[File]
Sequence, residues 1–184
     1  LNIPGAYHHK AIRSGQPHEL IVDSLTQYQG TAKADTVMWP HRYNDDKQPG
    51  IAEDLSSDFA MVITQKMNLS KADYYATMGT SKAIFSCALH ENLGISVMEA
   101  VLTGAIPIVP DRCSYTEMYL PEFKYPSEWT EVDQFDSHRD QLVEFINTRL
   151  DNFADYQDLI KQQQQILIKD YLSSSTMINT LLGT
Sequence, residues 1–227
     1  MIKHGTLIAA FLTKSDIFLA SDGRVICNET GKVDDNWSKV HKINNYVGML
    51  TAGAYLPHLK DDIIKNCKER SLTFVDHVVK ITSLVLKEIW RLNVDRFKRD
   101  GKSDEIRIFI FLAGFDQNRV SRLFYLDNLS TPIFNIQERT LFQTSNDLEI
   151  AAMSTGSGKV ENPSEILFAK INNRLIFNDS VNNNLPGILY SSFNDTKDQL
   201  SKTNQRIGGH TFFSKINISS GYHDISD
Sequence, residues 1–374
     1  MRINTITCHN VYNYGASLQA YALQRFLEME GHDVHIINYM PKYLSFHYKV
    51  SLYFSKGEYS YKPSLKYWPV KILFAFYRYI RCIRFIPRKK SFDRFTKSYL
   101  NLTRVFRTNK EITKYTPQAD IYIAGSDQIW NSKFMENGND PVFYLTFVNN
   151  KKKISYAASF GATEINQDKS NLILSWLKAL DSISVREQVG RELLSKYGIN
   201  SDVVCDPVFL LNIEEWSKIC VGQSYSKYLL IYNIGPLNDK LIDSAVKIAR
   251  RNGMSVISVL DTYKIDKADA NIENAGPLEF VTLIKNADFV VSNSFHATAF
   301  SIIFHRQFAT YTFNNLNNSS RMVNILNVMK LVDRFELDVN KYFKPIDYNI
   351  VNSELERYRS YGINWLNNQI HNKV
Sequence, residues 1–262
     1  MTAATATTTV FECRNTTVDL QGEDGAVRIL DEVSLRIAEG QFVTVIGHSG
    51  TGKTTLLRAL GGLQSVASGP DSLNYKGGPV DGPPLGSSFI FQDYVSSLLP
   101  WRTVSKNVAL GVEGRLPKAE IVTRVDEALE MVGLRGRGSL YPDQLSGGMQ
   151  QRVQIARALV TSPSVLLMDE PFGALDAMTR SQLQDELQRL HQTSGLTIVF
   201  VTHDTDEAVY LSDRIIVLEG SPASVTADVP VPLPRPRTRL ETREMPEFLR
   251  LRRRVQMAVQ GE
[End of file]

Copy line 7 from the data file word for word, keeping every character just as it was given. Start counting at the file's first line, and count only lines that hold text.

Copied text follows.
     1  MIKHGTLIAA FLTKSDIFLA SDGRVICNET GKVDDNWSKV HKINNYVGML